This book was supposed to be a collection of Chomsky's articles. I guess that this is technically correct, but you will find the collection is very repetitive. After you have heard one article you have heard them all.
Pass on this. Read Nemesis instead. That was worth the time.
I read nothing that is popular.
I'm a bit embarrassed that "Making the Future" is my first introduction of Noam Chomsky. I like politics, but don't really enjoy following it on the news because I find that most TV hosts express their views too much, where it becomes a rant. Reading Chomsky's views of the future is refreshing. Instead of beating the audience with a stick on personal rhetoric, Chomsky gives the reader enough space to come to their own conclusion and then comment to his theories. I need to read a lot more of Noam Chomsky to expand my views on what is going on beyond my cross streets..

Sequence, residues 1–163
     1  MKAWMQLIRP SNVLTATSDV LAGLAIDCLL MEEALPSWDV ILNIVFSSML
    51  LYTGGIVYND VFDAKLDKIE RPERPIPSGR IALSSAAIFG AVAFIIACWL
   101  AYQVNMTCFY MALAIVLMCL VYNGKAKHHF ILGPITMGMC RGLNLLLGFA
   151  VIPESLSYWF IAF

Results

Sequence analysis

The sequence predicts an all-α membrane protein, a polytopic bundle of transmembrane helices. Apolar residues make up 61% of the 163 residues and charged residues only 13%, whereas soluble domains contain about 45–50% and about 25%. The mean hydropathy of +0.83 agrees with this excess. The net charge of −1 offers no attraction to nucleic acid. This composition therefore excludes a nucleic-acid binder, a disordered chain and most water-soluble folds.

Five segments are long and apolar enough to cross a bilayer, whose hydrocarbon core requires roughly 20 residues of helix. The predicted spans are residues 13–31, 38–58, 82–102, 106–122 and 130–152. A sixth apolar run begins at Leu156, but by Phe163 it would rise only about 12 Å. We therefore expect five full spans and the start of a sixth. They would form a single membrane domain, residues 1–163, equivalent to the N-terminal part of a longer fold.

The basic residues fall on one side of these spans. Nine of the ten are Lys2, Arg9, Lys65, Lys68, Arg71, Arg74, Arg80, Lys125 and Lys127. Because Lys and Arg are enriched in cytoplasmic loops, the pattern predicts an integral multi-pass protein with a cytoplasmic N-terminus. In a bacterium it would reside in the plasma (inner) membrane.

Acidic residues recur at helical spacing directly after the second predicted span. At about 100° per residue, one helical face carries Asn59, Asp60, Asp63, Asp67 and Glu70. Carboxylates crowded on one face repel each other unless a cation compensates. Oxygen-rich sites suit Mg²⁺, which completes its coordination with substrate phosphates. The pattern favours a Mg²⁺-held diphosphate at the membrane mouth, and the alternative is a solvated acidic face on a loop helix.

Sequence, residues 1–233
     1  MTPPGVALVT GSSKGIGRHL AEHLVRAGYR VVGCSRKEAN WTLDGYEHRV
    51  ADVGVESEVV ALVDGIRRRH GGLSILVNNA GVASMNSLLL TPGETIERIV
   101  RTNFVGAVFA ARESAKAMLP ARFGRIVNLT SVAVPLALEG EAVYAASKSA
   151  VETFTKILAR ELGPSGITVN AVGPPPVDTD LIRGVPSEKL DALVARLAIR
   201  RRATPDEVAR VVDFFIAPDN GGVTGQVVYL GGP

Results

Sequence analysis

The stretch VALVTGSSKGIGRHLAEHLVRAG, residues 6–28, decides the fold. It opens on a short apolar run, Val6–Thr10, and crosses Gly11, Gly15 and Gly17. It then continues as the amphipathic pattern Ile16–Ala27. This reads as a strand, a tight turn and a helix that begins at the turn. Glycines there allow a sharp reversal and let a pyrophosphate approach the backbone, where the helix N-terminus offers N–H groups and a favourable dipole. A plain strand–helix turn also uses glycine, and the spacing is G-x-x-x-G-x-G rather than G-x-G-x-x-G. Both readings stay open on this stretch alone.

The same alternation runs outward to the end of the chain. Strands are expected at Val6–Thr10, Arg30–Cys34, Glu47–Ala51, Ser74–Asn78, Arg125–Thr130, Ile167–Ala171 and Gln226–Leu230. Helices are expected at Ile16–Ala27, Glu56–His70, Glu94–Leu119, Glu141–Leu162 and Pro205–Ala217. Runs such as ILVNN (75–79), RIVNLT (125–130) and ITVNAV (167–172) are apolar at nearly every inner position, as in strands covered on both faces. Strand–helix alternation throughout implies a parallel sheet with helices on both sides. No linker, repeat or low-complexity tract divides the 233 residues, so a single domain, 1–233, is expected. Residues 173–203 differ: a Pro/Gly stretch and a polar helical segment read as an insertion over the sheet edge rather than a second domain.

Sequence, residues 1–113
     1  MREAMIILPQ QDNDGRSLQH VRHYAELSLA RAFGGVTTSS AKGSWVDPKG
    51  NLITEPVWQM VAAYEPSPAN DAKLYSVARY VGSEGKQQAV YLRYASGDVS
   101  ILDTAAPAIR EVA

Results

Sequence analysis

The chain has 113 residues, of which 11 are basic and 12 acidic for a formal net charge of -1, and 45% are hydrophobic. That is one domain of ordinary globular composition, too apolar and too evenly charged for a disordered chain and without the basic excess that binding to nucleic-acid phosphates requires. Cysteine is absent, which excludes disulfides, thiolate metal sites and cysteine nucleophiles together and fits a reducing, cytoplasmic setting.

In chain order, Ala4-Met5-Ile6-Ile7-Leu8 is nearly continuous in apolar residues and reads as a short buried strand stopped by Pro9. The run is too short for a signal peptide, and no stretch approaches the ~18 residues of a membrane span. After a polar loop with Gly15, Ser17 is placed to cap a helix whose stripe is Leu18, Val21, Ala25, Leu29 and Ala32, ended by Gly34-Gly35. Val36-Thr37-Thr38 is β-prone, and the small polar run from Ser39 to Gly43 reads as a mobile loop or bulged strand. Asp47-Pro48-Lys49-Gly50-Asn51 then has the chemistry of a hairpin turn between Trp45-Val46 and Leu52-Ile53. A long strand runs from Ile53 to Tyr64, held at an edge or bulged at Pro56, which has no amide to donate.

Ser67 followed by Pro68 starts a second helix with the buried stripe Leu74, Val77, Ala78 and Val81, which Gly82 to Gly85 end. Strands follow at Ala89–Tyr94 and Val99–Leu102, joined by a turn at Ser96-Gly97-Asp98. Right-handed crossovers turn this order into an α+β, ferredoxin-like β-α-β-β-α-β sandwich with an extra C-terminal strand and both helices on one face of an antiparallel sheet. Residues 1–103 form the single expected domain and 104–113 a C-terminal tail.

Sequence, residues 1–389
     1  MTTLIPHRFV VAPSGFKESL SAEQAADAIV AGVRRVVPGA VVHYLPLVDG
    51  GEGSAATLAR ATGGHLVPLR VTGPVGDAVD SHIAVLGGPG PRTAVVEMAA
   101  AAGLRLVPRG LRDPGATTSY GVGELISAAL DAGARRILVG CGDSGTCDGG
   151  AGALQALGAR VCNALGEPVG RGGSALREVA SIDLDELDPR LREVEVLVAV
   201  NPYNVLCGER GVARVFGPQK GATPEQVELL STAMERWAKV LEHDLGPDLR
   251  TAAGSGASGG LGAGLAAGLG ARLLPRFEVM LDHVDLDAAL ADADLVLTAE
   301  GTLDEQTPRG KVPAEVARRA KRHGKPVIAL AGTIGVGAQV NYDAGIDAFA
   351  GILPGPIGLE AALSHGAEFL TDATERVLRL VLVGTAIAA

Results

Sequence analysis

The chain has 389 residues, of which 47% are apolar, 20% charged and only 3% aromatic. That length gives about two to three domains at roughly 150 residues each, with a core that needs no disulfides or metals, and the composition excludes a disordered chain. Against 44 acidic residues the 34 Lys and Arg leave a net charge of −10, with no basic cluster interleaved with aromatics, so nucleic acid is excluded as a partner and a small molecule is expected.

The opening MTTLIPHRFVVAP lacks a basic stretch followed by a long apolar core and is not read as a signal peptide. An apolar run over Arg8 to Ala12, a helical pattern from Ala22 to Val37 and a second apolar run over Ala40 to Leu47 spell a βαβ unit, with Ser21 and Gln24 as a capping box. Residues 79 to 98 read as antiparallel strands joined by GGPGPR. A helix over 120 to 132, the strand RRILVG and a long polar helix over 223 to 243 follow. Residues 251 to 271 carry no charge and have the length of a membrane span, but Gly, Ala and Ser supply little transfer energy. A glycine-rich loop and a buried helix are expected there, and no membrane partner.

If you want to see the world from a "different perspective", then you must read this book. It will challenge your perceptions. Norm Chomsky may be wrong. But he is also very smart and just sees the world differently.
Should be called making the future by looking at the past. It is a collection of articles by Chomsky from roughly 2008 - 2011. Some interesting insight but was looking for fresher views from Chomsky on how we need to make our future.